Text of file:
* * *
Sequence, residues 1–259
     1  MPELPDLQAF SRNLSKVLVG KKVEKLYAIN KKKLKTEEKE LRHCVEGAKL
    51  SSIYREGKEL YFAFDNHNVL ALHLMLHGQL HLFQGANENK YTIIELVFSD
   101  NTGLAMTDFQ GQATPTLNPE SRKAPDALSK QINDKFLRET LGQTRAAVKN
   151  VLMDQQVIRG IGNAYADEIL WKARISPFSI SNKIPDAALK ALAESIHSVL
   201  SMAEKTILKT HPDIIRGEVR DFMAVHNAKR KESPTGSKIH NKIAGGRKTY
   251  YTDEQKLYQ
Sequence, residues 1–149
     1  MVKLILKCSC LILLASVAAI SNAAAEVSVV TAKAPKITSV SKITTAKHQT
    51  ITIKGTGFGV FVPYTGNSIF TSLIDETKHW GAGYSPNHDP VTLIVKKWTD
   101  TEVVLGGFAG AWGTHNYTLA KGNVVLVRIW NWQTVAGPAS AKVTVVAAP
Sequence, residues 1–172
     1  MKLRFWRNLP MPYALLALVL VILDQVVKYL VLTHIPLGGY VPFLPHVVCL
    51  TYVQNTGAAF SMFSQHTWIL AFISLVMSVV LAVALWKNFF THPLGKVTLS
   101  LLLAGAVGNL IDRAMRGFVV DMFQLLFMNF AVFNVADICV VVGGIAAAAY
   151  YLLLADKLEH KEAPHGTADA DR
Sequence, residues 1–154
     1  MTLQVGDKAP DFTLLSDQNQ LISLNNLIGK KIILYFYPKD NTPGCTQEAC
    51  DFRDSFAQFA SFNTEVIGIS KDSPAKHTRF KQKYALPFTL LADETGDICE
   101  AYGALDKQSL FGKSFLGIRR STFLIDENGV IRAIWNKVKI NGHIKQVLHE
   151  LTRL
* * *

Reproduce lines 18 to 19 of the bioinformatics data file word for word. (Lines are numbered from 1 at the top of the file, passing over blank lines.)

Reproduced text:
     1  MTLQVGDKAP DFTLLSDQNQ LISLNNLIGK KIILYFYPKD NTPGCTQEAC
    51  DFRDSFAQFA SFNTEVIGIS KDSPAKHTRF KQKYALPFTL LADETGDICE